Russian military keep conquering the Arctic

It would have been funny, if it was not that dead serious, and the placement of the right hand is worrisome.

It would have been funny, if it was not that dead serious, and the placement of the right hand is worrisome.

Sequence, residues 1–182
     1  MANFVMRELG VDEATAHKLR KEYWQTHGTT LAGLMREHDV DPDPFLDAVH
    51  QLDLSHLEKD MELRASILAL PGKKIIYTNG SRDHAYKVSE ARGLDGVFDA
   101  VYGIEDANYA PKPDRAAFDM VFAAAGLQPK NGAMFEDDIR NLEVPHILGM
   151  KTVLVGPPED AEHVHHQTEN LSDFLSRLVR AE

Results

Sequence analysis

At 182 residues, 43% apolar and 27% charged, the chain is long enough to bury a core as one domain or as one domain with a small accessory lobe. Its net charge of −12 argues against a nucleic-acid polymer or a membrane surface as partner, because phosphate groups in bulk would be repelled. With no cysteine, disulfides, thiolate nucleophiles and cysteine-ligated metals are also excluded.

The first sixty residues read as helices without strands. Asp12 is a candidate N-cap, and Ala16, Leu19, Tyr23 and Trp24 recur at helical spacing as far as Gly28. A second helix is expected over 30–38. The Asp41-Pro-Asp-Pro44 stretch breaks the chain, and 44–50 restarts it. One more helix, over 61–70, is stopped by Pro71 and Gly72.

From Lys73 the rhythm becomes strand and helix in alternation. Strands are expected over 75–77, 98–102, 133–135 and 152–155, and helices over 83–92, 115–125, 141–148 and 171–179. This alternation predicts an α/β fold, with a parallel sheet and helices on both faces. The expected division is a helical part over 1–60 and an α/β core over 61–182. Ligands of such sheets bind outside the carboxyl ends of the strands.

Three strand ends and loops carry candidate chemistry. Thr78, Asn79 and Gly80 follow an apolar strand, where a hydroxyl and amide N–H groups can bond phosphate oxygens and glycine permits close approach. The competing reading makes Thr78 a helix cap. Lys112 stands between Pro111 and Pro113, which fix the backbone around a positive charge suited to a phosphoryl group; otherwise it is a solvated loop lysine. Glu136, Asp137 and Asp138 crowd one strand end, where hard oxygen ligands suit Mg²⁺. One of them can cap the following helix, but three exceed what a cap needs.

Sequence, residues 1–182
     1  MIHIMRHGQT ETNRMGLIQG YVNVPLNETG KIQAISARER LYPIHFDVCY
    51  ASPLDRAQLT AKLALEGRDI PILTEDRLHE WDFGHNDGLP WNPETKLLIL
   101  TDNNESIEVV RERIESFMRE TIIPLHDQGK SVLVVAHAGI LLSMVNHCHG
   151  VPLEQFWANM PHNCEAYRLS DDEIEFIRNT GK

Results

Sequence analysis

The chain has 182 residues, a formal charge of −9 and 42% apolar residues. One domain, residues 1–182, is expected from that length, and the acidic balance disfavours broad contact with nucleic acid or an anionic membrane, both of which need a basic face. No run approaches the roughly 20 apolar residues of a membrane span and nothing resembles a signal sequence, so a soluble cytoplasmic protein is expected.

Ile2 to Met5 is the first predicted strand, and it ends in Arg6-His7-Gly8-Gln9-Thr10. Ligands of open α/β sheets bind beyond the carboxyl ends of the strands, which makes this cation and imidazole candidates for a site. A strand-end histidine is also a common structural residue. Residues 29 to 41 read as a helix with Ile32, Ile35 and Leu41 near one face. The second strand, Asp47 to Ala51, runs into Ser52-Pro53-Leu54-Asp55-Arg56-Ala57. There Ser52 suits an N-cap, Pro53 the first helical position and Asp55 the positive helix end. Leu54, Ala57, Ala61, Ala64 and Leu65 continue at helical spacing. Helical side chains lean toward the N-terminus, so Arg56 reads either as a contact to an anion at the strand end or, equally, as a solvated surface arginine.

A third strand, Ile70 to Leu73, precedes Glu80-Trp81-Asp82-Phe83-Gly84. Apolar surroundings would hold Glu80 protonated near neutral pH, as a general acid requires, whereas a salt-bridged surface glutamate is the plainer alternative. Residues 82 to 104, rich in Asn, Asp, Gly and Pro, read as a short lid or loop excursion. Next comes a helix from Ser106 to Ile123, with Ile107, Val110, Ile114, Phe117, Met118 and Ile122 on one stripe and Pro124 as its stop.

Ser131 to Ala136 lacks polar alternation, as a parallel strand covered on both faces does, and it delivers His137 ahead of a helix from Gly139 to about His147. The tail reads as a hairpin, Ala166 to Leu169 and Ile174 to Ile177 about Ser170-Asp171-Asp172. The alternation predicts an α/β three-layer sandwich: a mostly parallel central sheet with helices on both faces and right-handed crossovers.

Guns are not quite silent in the devastated Donbass, and Putin’s order to withdraw troops from the border area is no different from his several prior zigzags in manipulating this conflict, so that no real redeployments are taking place. What is happening in this pause, is the new spike in Russian military activities in the Arctic. A new system of strategic monitoring is under development, naval and air exercises are conducted non-stop, and work on constructing new bases (mostly in the place of long-abandoned garrisons) is given top priority. Plans for deploying squadrons of tactical aviation in these bases might make some strategic sense, but the intention to build a new army brigade in the Yamal peninsular (where Gazprom has a no small corporate army) is mind-boggling. There is no possible tasks for such a grouping in the High North, which in the recent Russian discourse was defined as “territory of dialogue” or “zone of peace and cooperation”. A very different discourse is now prevalent, and Nikolai Patrushev, the secretary of the Security Council and one of Putin’s reliable lieutenants, took it to a new level of anti-Western hostility in a recent interview.  He did not mention the Arctic specifically (though this is one of his pet topics) but his point that Ukraine was just a pretext and an instrument for executing the US plan for reviving the strategy of containment centered on Russia is informative, as is his reference (yet again) to the alleged statement by Madeleine Albright  on Russia’s inability to develop the territories and resources under its control (this fake was disproved many times). In this context, the commitment to address the environmental problems in Russian Arctic looks dubious, but the plans for greater use of nuclear power are worrisome indeed. This picture may look like a political cartoon, but it is in fact a part of the exhibition in Moscow marking Putin’s birthday, and the grasp on the Arctic by his right hand appears rigid, even if the plans for submitting the long-promised claim to the UN Commission on the Limits of the Continental Shelf (UN CLCS) is apparently again postponed.

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